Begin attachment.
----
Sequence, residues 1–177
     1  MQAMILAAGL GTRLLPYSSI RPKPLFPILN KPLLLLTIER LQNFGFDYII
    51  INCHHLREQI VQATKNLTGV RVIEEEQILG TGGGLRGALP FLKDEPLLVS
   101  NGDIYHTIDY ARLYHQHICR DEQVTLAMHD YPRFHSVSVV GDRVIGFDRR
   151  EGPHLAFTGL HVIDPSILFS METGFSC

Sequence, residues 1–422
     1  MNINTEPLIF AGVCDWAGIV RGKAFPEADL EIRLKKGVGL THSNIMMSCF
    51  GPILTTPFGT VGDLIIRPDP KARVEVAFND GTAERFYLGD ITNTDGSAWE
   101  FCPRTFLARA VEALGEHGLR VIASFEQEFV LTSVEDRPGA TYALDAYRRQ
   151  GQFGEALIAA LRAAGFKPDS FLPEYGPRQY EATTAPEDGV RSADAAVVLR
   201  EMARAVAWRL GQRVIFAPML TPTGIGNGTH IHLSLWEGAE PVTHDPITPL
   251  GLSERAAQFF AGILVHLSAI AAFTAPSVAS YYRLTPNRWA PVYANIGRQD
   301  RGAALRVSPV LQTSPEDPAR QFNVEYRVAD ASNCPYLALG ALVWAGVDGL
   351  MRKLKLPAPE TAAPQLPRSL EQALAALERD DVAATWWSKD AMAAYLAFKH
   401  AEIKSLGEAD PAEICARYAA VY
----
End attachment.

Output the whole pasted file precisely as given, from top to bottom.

Sequence, residues 1–177
     1  MQAMILAAGL GTRLLPYSSI RPKPLFPILN KPLLLLTIER LQNFGFDYII
    51  INCHHLREQI VQATKNLTGV RVIEEEQILG TGGGLRGALP FLKDEPLLVS
   101  NGDIYHTIDY ARLYHQHICR DEQVTLAMHD YPRFHSVSVV GDRVIGFDRR
   151  EGPHLAFTGL HVIDPSILFS METGFSC

Sequence, residues 1–422
     1  MNINTEPLIF AGVCDWAGIV RGKAFPEADL EIRLKKGVGL THSNIMMSCF
    51  GPILTTPFGT VGDLIIRPDP KARVEVAFND GTAERFYLGD ITNTDGSAWE
   101  FCPRTFLARA VEALGEHGLR VIASFEQEFV LTSVEDRPGA TYALDAYRRQ
   151  GQFGEALIAA LRAAGFKPDS FLPEYGPRQY EATTAPEDGV RSADAAVVLR
   201  EMARAVAWRL GQRVIFAPML TPTGIGNGTH IHLSLWEGAE PVTHDPITPL
   251  GLSERAAQFF AGILVHLSAI AAFTAPSVAS YYRLTPNRWA PVYANIGRQD
   301  RGAALRVSPV LQTSPEDPAR QFNVEYRVAD ASNCPYLALG ALVWAGVDGL
   351  MRKLKLPAPE TAAPQLPRSL EQALAALERD DVAATWWSKD AMAAYLAFKH
   401  AEIKSLGEAD PAEICARYAA VY